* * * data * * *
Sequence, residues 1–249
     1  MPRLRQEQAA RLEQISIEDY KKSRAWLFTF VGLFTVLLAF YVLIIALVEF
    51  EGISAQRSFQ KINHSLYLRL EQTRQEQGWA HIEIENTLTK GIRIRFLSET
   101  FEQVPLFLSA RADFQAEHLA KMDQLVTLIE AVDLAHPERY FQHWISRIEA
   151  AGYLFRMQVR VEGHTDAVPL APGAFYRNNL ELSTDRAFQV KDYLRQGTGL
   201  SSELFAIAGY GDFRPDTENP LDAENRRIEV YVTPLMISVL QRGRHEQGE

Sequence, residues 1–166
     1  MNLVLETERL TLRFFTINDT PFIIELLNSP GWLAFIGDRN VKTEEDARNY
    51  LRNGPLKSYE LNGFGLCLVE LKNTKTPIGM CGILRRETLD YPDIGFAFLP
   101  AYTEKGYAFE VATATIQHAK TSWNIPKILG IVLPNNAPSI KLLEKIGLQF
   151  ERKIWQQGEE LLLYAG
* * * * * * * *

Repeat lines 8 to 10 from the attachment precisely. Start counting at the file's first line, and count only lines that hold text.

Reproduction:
     1  MNLVLETERL TLRFFTINDT PFIIELLNSP GWLAFIGDRN VKTEEDARNY
    51  LRNGPLKSYE LNGFGLCLVE LKNTKTPIGM CGILRRETLD YPDIGFAFLP
   101  AYTEKGYAFE VATATIQHAK TSWNIPKILG IVLPNNAPSI KLLEKIGLQF